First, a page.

Right above you is the sky – or as scientists would call it, the atmosphere. It extends about 20 miles (32 kilometers) above the Earth. Floating around the atmosphere is a mixture of molecules – tiny bits of air so small you take in billions of them every time you breathe.
Above the atmosphere is space. It’s called that because it has far fewer molecules, with lots of empty space between them.
Have you ever wondered what it would be like to travel to outer space – and then keep going? What would you find? Scientists like me are able to explain a lot of what you’d see. But there are some things we don’t know yet, like whether space just goes on forever.
Planets, stars, and galaxies
At the beginning of your trip through space, you might recognize some of the sights. The Earth is part of a group of planets that all orbit the Sun – with some orbiting asteroids and comets mixed in, too.
You might know that the Sun is actually just an average star, and looks bigger and brighter than the other stars only because it is closer. To get to the next nearest star, you would have to travel through trillions of miles of space. If you could ride on the fastest space probe NASA has ever made, it would still take you thousands of years to get there.
If stars are like houses, then galaxies are like cities full of houses. Scientists estimate there are 100 billion stars in Earth’s galaxy. If you could zoom out, way beyond Earth’s galaxy, those 100 billion stars would blend together – the way lights of city buildings do when viewed from an airplane.
Recently astronomers have learned that many or even most stars have their own orbiting planets. Some are even like Earth, so it’s possible they might be home to other beings also wondering what’s out there.
This packed image taken with the Hubble Space Telescope showcases the galaxy cluster ACO S 295, as well as a jostling crowd of background galaxies and foreground stars. Credit: ESA/Hubble & NASA, F. Pacaud, D. Coe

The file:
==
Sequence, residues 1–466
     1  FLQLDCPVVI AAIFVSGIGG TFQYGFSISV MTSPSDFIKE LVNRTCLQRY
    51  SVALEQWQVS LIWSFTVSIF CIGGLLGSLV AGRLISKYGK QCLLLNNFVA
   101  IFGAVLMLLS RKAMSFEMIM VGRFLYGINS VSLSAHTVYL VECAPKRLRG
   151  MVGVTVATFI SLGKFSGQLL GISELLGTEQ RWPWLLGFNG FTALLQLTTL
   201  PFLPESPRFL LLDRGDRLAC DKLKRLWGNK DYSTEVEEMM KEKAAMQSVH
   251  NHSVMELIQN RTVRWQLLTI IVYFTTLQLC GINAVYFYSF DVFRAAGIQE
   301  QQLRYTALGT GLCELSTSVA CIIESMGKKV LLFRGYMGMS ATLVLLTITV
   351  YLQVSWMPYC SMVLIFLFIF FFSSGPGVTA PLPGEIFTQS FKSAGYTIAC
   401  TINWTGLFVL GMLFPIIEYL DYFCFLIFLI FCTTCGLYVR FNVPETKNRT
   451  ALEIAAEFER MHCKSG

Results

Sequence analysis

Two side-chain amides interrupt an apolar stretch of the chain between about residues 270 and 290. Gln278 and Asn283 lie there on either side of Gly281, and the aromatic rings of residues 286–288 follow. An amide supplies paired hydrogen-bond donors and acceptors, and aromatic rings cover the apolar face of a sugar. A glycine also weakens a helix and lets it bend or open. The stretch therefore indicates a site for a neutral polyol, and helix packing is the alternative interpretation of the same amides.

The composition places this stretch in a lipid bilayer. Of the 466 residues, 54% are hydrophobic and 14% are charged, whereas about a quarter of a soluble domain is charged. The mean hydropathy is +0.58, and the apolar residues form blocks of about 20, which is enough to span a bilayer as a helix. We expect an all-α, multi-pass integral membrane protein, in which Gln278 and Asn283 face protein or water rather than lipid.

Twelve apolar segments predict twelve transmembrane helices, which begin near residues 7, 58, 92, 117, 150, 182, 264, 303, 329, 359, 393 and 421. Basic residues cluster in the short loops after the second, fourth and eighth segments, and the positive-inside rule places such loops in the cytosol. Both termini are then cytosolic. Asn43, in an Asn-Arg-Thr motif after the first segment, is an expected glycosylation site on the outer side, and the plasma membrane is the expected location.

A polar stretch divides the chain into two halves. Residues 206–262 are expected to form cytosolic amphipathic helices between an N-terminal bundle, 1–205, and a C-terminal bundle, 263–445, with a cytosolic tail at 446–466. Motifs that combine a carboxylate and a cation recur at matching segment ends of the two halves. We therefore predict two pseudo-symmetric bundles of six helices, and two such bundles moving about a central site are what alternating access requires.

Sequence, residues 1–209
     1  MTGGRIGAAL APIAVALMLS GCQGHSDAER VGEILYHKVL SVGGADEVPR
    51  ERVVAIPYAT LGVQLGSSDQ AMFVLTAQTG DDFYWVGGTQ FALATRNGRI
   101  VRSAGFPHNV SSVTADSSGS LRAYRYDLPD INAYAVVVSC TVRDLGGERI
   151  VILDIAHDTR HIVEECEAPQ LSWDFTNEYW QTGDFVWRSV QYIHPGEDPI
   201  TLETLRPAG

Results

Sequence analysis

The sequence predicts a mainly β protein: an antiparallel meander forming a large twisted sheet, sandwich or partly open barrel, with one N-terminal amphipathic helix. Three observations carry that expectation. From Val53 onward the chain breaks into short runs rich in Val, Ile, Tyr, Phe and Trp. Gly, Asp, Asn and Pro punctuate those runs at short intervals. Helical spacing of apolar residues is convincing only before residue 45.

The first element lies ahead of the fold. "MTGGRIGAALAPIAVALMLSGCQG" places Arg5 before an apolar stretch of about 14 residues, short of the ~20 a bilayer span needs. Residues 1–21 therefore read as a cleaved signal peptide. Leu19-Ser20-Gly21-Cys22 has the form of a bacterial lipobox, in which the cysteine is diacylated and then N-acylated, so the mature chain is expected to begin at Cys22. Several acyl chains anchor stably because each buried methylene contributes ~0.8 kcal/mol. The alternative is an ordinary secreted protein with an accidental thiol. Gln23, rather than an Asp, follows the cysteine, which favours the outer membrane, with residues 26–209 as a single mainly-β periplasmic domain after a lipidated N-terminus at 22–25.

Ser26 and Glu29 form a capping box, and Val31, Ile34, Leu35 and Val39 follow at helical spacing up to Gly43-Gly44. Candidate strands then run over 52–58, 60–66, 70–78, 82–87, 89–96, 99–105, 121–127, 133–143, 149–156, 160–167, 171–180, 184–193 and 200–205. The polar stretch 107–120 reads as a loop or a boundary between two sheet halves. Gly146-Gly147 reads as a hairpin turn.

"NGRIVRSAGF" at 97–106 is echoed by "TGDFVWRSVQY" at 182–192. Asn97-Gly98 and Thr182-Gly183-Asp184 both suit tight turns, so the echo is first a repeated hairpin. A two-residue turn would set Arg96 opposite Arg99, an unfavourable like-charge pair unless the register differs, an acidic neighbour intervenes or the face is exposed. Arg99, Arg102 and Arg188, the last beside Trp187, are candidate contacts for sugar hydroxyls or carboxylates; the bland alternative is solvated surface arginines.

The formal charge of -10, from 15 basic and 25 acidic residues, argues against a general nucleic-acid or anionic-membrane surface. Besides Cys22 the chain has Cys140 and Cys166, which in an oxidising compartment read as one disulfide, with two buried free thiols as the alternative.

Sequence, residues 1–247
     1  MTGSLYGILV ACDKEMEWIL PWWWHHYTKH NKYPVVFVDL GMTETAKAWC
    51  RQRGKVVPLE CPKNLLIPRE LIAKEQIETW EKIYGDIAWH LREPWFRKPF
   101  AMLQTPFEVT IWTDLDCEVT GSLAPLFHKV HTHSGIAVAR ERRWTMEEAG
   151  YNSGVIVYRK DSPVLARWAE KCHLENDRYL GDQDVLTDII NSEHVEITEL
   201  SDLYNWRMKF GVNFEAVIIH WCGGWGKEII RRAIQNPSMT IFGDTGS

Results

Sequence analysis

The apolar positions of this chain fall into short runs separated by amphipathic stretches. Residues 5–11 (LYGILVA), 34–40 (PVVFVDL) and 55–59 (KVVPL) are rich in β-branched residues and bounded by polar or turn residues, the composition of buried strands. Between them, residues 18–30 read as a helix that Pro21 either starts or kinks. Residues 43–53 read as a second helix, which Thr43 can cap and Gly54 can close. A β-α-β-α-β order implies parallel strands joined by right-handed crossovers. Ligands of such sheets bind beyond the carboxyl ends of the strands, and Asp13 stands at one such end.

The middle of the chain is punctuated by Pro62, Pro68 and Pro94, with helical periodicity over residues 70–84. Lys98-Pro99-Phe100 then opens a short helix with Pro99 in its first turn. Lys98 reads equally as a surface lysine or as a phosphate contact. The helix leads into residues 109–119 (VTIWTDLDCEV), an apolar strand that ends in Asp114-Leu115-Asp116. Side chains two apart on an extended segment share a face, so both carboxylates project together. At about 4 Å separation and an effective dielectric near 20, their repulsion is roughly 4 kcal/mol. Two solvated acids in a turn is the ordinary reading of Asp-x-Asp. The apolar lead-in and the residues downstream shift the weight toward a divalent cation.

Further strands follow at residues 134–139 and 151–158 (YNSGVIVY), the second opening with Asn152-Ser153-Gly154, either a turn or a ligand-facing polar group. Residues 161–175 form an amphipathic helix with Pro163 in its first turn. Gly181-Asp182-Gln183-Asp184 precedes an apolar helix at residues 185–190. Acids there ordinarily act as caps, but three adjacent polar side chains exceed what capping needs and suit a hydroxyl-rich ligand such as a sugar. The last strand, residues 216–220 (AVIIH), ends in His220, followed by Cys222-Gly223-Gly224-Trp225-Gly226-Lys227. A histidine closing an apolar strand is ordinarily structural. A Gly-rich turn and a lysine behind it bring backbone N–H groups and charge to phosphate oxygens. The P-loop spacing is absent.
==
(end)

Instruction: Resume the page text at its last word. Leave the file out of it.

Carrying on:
You would have to travel through millions of trillions more miles of space just to reach another galaxy. Most of that space is almost completely empty, with only some stray molecules and tiny mysterious invisible particles scientists call “dark matter.”
Using big telescopes, astronomers see millions of galaxies out there – and they just keep going, in every direction.
If you could watch for long enough, over millions of years, it would look like new space is gradually being added between all the galaxies. You can visualize this by imagining tiny dots on a deflated balloon and then thinking about blowing it up. The dots would keep moving farther apart, just like the galaxies are.
Is there an end?
If you could keep going out, as far as you wanted, would you just keep passing by galaxies forever? Are there an infinite number of galaxies in every direction? Or does the whole thing eventually end? And if it does end, what does it end with?
These are questions scientists don’t have definite answers to yet. Many think it’s likely you would just keep passing galaxies in every direction, forever. In that case, the universe would be infinite, with no end.
Some scientists think it’s possible the universe might eventually wrap back around on itself – so if you could just keep going out, you would someday come back around to where you started, from the other direction.
One way to think about this is to picture a globe, and imagine that you are a creature that can move only on the surface. If you start walking any direction, east for example, and just keep going, eventually you would come back to where you began. If this were the case for the universe, it would mean it is not infinitely big – although it would still be bigger than you can imagine.
In either case, you could never get to the end of the universe or space. Scientists now consider it unlikely the universe has an end – a region where the galaxies stop or where there would be a barrier of some kind marking the end of space.
But nobody knows for sure. How to answer this question will need to be figured out by a future scientist.
Written by Jack Singal, Associate Professor of Physics, University of Richmond.
This article was first published in The Conversation.